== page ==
When the Undead Get Old – A poem.

Children play zombie,
shamble and shriek.
They break character often.
Run and giggle—
“You’re dead if I touch you!”
At least they aren’t biting.
Stumble, feet trip like laces
tied, or mimic their father,
too much to drink.
Boys try to touch girls
and moan. The girls moan.
Later, the sounds are different—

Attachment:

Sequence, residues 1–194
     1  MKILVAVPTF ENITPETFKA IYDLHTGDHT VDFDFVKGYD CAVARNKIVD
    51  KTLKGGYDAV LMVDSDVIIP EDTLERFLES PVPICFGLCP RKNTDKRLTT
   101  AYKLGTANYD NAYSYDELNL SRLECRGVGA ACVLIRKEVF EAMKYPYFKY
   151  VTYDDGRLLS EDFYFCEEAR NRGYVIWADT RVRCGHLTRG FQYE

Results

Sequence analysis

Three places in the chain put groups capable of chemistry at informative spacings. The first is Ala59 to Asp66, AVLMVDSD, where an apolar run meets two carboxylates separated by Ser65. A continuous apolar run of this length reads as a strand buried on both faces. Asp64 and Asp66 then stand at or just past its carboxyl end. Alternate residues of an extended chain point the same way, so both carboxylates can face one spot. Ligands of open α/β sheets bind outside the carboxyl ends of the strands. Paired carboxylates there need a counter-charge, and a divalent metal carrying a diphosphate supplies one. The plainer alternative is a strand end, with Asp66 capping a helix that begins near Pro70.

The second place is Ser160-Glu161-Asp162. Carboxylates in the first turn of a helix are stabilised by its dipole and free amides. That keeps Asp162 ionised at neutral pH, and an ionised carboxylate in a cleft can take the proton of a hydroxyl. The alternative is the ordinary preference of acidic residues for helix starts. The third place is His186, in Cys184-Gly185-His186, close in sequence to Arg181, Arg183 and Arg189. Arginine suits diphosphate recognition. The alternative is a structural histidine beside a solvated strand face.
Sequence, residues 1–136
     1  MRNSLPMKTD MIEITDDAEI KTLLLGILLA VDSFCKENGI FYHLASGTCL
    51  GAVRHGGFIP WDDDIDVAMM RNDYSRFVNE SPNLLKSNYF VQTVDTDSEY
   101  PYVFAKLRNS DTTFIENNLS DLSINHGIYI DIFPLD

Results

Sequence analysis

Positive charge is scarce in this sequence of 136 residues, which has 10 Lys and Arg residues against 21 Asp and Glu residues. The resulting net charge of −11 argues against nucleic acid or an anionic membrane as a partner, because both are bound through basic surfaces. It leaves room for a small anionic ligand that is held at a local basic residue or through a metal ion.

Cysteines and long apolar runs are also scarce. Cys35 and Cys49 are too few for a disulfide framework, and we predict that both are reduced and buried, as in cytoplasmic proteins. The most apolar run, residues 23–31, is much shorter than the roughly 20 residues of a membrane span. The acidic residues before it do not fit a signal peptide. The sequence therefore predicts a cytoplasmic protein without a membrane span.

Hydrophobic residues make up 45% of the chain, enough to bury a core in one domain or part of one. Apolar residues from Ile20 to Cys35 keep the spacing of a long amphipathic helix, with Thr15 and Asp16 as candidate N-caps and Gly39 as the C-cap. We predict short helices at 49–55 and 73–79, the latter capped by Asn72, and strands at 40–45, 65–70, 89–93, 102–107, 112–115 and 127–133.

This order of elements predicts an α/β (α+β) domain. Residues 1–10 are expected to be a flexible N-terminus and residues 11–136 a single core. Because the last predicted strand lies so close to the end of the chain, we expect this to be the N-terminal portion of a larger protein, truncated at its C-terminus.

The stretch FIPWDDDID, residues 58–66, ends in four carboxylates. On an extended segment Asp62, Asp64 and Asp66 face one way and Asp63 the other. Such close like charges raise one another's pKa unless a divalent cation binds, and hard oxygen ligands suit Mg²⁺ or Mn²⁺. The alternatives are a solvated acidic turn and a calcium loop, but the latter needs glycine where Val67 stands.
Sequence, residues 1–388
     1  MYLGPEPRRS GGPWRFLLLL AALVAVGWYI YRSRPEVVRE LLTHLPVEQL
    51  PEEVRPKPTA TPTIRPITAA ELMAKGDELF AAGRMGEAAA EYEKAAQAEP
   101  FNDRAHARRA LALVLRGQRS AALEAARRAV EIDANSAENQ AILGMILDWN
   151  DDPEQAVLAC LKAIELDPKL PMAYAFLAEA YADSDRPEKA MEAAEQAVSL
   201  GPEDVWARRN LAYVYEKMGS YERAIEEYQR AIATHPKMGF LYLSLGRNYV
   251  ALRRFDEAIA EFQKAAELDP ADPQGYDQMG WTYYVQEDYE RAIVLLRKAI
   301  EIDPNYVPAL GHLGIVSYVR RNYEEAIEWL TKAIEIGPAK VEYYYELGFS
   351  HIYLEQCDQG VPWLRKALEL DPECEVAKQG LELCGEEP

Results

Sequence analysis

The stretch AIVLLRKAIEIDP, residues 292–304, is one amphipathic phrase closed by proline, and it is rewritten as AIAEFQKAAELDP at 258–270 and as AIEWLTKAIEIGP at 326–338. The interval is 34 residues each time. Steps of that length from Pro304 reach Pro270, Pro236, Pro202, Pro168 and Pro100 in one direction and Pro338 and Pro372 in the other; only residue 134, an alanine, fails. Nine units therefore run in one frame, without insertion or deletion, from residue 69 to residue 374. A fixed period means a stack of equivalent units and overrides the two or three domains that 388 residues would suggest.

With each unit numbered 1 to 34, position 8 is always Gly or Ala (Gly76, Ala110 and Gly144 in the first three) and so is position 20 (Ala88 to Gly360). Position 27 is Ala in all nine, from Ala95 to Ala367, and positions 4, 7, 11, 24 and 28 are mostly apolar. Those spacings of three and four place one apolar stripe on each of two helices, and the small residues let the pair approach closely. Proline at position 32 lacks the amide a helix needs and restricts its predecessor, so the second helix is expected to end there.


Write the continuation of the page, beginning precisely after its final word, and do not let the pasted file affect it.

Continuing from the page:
they don’t play zombie.
Skin to skin they explore,
reach beyond where they were told.
Shamble through halls, bag slung
over sunken shoulders.
They look like zombies.
Nights spent with drink,
or books—each other. Moan.
Degrees earned. Time to work
to live. Stumble through
mountains of paper
they can’t climb. No time
for play. Wrinkled,
like the money they stuffed
into pockets and bank accounts.
On the porch, with whiskey or bourbon,
they watch their own shamble and shriek.
Children play zombie.


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